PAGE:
Argentina Fans Kaattoorkkadavu review: A watchable entertainer
Argentina Fans Kaattoorkkadavu is an interesting genre that has never been tried in Malayalam cinema
Saturday 23 March 2019
Argentina Fans Kaattoorkkadavu
Midhun Manuel Thomas
Kalidas Jayaram, Aishwarya Lekshmi
Aadu director Midhun Manuel Thomas has narrated a romantic tale in the backdrop of a village where almost everyone is a hardcore football fan, in Argentina Fans Kaattoorkkadavu.
In a sleepy village named Kaattoorkkadavu the locals have shared their allegiance between popular football teams, mainly Argentina and Brazil.
Vipinan (Kalidas Jayaram) is the son of a crazy football fan, who awakened a priest in the nearby church one midnight to pray for Colombian footballer Andres Escobar, when he was shot dead for his mistake of scoring a self-goal in the 1994 World Cup.
Vipinan has grown up as a diehard Argentine fan. He is madly in love with Mehrunnisa Kadarukutty (Aishwarya Lekshmi), his childhood friend, who is aware about his feelings for her, but never accepts his proposal. She is a live wire with strong political views unlike the timid Vipinan. Meher is a Brazil fan, before some incidents change her views.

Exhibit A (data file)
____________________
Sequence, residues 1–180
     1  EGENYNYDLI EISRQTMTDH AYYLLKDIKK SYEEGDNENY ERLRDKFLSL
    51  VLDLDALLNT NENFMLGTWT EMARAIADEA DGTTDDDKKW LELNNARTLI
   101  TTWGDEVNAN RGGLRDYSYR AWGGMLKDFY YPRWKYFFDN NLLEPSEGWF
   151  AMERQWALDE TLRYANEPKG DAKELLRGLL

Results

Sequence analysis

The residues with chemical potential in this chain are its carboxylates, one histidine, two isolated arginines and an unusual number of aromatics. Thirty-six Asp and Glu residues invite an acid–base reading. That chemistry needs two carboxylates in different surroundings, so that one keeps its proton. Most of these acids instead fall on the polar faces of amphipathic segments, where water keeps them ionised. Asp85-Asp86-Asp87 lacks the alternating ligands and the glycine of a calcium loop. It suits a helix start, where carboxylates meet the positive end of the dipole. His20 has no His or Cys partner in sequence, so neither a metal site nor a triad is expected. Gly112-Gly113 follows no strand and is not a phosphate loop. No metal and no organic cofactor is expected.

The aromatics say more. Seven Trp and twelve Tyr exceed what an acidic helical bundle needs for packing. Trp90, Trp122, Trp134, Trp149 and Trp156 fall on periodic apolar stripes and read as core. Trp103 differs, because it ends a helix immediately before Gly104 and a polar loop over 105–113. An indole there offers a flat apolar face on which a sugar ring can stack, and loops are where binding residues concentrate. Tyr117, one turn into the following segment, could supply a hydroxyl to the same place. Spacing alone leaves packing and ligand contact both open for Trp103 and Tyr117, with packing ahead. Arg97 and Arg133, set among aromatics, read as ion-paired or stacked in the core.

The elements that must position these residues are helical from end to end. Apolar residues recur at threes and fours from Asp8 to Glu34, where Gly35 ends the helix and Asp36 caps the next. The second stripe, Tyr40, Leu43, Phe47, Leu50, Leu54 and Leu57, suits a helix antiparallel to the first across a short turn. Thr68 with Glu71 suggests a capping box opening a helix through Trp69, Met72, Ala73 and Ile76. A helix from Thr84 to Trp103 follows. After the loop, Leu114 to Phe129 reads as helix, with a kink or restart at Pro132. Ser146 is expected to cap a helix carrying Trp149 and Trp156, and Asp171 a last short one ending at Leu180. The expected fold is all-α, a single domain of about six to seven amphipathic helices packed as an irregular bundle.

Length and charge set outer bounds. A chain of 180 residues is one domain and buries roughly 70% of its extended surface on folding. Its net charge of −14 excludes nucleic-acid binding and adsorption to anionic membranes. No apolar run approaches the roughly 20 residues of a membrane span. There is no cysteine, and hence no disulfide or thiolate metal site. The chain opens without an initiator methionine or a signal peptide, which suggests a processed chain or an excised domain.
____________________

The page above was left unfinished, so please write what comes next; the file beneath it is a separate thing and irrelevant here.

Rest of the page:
Though mixing romance and football is a rather interesting idea, the movie succeeds in keeping the audience engaged only to a certain extent. The “Escobar dreams” fails to make much of an impact. Then the story moves ahead depending on comic dialogues but even that becomes forced after a while.
The visuals by Renadive and the music by Gopi Sundar are good. In fact the film gets some energy every time a song sequence appears.
Kalidas Jayaram looks handsome and is fine at best, with his dialogue delivery becoming a problem at times. Aishwarya Lekshmi plays her character with so much dedication. Aneesh Gopal, who plays Suni, scores with his comic timing.
Argentina Fans Kaattoorkkadavu belongs to a genre that has perhaps not been attempted before in Malayalam. This one could have been better and manages as an okay watch in the end.
Argentina Fans Kaattoorkkadavu review: Watchable